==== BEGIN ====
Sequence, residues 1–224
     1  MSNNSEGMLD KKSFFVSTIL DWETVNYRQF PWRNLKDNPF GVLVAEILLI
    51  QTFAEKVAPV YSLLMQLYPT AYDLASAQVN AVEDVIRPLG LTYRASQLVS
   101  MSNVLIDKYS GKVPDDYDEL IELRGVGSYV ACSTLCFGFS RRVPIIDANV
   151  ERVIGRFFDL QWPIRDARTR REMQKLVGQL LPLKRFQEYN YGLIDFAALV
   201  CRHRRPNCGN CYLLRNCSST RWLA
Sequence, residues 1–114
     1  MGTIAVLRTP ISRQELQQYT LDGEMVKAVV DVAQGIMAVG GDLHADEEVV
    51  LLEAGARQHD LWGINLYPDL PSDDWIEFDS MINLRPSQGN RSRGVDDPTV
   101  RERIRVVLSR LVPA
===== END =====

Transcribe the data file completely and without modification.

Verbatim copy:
Sequence, residues 1–224
     1  MSNNSEGMLD KKSFFVSTIL DWETVNYRQF PWRNLKDNPF GVLVAEILLI
    51  QTFAEKVAPV YSLLMQLYPT AYDLASAQVN AVEDVIRPLG LTYRASQLVS
   101  MSNVLIDKYS GKVPDDYDEL IELRGVGSYV ACSTLCFGFS RRVPIIDANV
   151  ERVIGRFFDL QWPIRDARTR REMQKLVGQL LPLKRFQEYN YGLIDFAALV
   201  CRHRRPNCGN CYLLRNCSST RWLA
Sequence, residues 1–114
     1  MGTIAVLRTP ISRQELQQYT LDGEMVKAVV DVAQGIMAVG GDLHADEEVV
    51  LLEAGARQHD LWGINLYPDL PSDDWIEFDS MINLRPSQGN RSRGVDDPTV
   101  RERIRVVLSR LVPA